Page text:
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Let $p$ be an odd prime. Prove that if $a\equiv b\pmod{p}$, then $a^p\equiv b^p\pmod{p^2}$

I know how to prove this if we are given $a^p$ is congruent to $a$ mod p, but not when we start with this.

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$(a-b)^p = a^p-b^p+pa^{p-1}b-pb^{p-1}a+\cdots + \dbinom{p}k \left(a^{p-k}b^k-b^{p-k}a^k \right)$

Now $p$ divides of the the binomial coefficients besides the first. Then $a^{p-k}b^k-b^{p-k}a^k \equiv 0 \pmod p$ since $a^{n} \equiv b^n \pmod p$ for any $n$.

Now $(a-b)^p \equiv 0 \pmod{p^2}$ sicne $p > 2$. Then $0 \equiv a^p-b^p \pmod {p^2}$ and the result follows.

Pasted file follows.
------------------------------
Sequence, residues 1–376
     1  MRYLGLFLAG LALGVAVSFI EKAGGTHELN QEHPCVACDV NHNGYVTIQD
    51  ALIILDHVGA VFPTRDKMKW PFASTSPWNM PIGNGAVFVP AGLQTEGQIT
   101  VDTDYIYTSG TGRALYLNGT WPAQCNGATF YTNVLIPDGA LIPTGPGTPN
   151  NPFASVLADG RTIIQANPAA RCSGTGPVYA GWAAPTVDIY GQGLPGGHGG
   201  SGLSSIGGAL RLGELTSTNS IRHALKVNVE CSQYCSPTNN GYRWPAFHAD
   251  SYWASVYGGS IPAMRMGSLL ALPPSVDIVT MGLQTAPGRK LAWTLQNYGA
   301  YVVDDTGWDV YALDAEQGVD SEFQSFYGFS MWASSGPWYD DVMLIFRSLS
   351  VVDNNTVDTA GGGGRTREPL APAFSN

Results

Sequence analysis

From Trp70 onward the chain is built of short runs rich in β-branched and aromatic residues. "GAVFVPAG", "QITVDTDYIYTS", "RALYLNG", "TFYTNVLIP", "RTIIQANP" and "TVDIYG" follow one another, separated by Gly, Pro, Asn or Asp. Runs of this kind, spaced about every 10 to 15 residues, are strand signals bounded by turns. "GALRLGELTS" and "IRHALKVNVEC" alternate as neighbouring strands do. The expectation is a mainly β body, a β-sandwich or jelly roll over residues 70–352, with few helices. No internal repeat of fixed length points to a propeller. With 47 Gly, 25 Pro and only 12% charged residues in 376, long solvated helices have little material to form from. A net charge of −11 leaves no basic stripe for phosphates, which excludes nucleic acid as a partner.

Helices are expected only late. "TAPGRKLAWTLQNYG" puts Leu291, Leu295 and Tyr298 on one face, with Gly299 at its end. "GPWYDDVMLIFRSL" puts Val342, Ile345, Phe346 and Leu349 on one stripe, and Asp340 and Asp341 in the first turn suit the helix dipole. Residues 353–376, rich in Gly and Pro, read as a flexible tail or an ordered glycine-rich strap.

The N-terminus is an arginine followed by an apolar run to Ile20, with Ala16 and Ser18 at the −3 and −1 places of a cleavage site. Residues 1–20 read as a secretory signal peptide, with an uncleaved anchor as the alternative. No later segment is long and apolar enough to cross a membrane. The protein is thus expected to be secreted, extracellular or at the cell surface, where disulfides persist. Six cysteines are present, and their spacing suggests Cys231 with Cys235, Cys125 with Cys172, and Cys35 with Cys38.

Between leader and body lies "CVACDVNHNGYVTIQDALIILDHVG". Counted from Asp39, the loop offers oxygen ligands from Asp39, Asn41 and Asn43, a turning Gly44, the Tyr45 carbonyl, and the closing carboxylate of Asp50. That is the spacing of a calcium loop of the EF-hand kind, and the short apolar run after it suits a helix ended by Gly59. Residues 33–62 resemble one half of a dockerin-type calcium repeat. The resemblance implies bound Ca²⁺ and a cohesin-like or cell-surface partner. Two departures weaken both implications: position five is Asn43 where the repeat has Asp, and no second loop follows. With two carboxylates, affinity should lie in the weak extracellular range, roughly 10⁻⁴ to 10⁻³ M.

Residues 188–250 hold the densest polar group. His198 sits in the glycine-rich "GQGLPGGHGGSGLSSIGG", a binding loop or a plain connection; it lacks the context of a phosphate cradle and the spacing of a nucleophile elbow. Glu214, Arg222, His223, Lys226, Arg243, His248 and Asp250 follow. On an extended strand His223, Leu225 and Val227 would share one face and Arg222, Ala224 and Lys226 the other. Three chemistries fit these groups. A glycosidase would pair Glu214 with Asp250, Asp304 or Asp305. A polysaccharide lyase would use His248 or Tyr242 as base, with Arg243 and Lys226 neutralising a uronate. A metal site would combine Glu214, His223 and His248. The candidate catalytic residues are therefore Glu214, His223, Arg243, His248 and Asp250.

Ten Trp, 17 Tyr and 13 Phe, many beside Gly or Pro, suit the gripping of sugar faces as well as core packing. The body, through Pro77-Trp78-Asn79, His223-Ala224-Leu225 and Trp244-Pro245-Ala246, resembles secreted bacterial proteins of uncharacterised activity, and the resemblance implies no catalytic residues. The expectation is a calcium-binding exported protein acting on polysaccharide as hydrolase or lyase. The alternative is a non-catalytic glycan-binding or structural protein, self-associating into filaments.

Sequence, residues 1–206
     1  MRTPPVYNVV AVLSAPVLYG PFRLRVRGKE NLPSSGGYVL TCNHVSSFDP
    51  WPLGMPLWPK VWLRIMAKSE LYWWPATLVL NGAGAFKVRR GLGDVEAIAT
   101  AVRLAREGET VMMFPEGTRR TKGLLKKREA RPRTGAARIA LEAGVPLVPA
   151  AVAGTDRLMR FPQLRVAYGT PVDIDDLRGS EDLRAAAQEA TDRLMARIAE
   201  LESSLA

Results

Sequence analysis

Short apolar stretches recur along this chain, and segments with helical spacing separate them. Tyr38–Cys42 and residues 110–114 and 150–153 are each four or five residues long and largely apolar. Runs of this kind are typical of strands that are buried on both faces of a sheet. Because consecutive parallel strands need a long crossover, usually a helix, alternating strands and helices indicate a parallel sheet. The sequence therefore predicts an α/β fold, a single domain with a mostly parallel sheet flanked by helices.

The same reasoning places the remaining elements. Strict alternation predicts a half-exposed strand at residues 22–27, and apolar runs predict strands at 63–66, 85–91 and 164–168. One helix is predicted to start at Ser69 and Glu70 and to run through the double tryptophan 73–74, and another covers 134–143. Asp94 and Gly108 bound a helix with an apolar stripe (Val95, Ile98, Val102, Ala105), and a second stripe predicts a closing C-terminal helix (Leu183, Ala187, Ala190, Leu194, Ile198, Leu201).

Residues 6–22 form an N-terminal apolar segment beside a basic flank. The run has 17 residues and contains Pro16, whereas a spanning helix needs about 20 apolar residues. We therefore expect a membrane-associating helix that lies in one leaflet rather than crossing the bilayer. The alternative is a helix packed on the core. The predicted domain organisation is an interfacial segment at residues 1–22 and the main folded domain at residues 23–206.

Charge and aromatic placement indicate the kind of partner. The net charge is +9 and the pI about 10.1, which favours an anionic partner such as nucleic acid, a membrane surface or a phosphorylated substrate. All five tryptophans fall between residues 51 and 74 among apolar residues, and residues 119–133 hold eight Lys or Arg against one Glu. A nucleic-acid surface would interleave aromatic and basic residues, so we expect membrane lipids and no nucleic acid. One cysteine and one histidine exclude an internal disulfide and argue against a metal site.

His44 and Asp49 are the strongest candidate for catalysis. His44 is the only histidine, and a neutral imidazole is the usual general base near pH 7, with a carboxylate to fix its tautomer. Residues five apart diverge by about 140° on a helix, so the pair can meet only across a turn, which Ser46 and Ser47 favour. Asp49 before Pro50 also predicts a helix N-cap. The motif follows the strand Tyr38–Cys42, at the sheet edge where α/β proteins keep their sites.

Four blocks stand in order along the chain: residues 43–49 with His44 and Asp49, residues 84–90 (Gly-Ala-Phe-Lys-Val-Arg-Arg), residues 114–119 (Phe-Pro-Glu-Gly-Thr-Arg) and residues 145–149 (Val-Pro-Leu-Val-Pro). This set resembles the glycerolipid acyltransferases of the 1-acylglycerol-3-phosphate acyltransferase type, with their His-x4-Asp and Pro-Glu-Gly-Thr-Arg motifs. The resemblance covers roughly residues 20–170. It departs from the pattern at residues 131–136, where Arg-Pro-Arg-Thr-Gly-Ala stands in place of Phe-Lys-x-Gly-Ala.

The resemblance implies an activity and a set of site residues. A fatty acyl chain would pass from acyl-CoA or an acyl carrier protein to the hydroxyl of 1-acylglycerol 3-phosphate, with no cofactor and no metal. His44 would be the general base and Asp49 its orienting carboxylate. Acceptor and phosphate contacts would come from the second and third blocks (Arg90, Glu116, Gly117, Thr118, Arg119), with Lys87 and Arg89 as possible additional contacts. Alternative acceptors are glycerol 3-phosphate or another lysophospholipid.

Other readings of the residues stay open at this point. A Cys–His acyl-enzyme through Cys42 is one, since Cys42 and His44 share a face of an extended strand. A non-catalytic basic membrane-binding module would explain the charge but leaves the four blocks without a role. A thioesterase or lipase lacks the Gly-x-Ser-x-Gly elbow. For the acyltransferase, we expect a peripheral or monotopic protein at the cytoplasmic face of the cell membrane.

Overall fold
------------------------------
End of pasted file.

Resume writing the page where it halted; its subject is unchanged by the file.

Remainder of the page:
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Let $b = a + kp$. Then $ b^p = ( a + kp)^p$. Expand using the binomial theorem, to get

$$ a^p + {p \choose 1} a^{p-1} kp + {p\choose 2} a^{p-2} (kp)^2+ \ldots + (kp)^p $$

Every term except $a^p$ is a multiple of $p^2$. Thus $ b^p \equiv a^p \pmod{p^2}$.

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